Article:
ape-man again resumed his hiding.
At dusk Pan-at-lee came with food and having her alone Tarzan put the
question that he had been anxious to put since his conversation earlier
in the day with O-lo-a.
"Tell me," he said, "what you know of the rumors of which O-lo-a spoke
of the mysterious stranger which is supposed to be hidden in A-lur.
Have you too heard of this during the short time that you have been
"Yes," said Pan-at-lee, "I have heard it spoken of among the other
slaves. It is something of which all whisper among themselves but of
which none dares to speak aloud. They say that there is a strange she
hidden in the temple and that Lu-don wants her for a priestess and that
Ko-tan wants her for a wife and that neither as yet dares take her for
fear of the other."
"Do you know where she is hidden in the temple?" asked Tarzan.
"No," said Pan-at-lee. "How should I know? I do not even know that it
is more than a story and I but tell you that which I have heard others
"There was only one," asked Tarzan, "whom they spoke of?"
"No, they speak of another who came with her but none seems to know
what became of this one."
Tarzan nodded. "Thank you Pan-at-lee," he said. "You may have helped me
more than either of us guess."
"I hope that I have helped you," said the girl as she turned back
toward the palace.
"And I hope so too," exclaimed Tarzan emphatically.
The Temple of the Gryf
When night had fallen Tarzan donned the mask and the dead tail of the
priest he had slain in the vaults beneath the temple. He judged that it
would not do to attempt again to pass the guard, especially so late at
night as it would be likely to arouse comment and suspicion, and so he
swung into the tree that overhung the garden wall and from its branches
dropped to the ground beyond.
Avoiding too grave risk of apprehension the ape-man passed through the
grounds to the court of the palace, approaching the temple from the
side opposite to that at which he had left it at the time of his
escape. He came thus it is true through a portion of the grounds with
which he was unfamiliar but he preferred this to the danger of
following the beaten track between the palace apartments and those of
the temple. Having a definite goal in mind and endowed as he was with
an almost miraculous sense of location he moved with
Here he paused and raised his face to Goro, the moon.Page 12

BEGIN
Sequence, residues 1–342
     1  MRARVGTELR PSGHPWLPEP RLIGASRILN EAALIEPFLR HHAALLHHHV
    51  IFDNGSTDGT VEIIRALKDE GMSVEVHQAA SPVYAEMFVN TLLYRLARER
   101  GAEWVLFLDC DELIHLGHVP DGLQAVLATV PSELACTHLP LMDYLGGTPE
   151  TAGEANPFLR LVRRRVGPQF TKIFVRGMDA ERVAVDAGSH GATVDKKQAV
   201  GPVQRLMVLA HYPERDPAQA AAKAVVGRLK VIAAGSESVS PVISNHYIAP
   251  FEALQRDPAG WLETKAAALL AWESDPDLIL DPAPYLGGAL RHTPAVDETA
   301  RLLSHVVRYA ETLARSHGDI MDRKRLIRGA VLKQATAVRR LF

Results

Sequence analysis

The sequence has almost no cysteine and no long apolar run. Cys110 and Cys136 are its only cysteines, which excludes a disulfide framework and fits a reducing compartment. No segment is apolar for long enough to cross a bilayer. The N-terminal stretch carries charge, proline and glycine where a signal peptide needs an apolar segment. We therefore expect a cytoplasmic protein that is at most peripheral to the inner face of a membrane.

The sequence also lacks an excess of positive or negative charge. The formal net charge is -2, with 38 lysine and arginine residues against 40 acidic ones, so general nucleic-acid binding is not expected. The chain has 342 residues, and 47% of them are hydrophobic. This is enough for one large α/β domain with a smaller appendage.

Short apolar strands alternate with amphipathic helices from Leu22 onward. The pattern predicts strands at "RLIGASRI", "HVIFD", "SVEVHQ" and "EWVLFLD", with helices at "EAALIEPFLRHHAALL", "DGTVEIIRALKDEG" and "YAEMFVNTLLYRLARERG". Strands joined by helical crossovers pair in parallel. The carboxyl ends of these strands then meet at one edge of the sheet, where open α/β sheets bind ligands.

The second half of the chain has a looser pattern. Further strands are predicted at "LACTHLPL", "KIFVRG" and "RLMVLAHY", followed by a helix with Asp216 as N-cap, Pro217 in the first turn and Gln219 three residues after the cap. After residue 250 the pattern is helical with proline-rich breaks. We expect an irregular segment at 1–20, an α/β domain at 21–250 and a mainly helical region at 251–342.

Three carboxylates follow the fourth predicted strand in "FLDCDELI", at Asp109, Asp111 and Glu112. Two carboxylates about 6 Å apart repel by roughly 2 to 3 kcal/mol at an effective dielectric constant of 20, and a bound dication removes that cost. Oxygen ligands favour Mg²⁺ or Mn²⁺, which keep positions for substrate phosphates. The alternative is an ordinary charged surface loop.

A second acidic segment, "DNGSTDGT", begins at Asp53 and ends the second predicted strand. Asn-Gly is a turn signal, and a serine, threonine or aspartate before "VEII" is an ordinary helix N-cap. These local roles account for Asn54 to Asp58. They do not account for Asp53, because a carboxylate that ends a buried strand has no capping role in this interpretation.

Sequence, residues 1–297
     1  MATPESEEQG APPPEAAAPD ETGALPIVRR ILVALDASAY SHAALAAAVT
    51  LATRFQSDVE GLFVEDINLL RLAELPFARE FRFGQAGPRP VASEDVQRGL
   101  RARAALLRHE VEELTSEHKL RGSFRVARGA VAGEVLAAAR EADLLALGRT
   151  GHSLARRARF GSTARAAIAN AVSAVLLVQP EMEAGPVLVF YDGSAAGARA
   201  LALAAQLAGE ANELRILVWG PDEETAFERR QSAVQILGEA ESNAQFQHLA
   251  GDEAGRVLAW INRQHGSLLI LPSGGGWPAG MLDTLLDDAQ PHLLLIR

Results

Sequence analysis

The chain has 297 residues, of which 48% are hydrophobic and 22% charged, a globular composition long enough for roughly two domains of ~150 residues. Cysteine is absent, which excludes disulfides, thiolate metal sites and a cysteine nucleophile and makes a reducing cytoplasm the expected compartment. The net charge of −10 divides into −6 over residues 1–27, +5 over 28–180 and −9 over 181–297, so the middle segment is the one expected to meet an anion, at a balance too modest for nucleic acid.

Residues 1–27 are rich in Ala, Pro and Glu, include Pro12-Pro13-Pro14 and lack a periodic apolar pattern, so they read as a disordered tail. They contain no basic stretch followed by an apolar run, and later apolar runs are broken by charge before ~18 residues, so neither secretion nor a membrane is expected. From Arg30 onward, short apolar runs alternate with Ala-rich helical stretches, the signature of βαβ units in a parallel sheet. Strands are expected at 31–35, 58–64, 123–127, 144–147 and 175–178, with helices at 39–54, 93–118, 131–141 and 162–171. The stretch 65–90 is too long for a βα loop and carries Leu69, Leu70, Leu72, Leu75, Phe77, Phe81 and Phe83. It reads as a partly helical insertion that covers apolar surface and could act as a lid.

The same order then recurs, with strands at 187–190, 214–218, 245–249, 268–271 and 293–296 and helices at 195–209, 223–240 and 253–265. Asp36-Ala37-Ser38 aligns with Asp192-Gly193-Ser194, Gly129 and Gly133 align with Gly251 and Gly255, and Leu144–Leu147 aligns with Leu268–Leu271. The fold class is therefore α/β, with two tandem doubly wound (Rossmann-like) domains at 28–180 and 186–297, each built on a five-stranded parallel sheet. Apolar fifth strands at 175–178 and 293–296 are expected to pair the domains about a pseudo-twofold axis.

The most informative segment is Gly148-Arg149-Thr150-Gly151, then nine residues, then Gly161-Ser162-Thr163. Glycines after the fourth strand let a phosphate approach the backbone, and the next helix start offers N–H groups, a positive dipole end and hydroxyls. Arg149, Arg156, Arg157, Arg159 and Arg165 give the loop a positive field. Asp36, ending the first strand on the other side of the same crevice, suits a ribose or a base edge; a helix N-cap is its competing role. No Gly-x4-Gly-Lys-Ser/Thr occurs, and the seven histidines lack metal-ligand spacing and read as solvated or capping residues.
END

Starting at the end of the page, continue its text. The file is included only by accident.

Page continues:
Then he turned to see a huge, black-maned lion racing toward him and even as he turned, Numa seized him.Page 24
Werper was raised and laid across the altar.Page 40
They are the enemies of the Manganis.Page 42
"This is no time for useless noises of the mouth," he said.Page 46
No sane man thus approached a village in this part of Africa unless he was sure of a friendly welcome.Page 56
Tarzan halted, growling, and the lions paused, the great male in the lead baring his fangs and rumbling forth a warning roar.Page 60
She was a hard taskmaster, too, for she looked down with loathing and contempt upon the misshapen creatures amongst which cruel Fate had thrown her and to some extent vented upon them her dissatisfaction and her thwarted love.Page 64
There should be no torture--there should be instant death.Page 67
I could not go back and live in Opar--I who have the whole broad jungle for my range.Page 69
Had Numa, or Sabor, or Sheeta, or any other beast of the jungle been seeking to destroy him, the ape-man would have danced about hurling missiles and invectives at his assailant.Page 70
Once she raised her eyes to the burning sun and murmured a prayer of thanks to her pagan god that she had not been permitted to destroy this godlike man, and her long lashes were wet with tears.Page 73
And so he followed the old trail of the Belgian through the forest and toward the north; but because of the age of the trail he was constrained to a far from rapid progress.Page 95
" "You will stake your life against the finding of the gold?" asked Abdul.Page 105
As they conversed their terror grew, while from the concealment of the reeds along the river below them a small party of naked, black warriors watched their every move.Page 137
It was as though the ingots had evaporated into thin air.Page 141
In an instant the ape-man was down and a dozen black soldiers were upon his back.Page 143
Angered by recent defeat, and by the loss of the gold, the jewels, and his prisoners, Abdul Mourak was in no mood to be influenced by any appeal to those softer sentiments to which, as a matter of fact, he was almost a stranger even under the most favourable conditions.Page 146
Silently and powerfully he strained at the bonds which fettered his wrists.Page 148
What she had done, the little pouch had undone.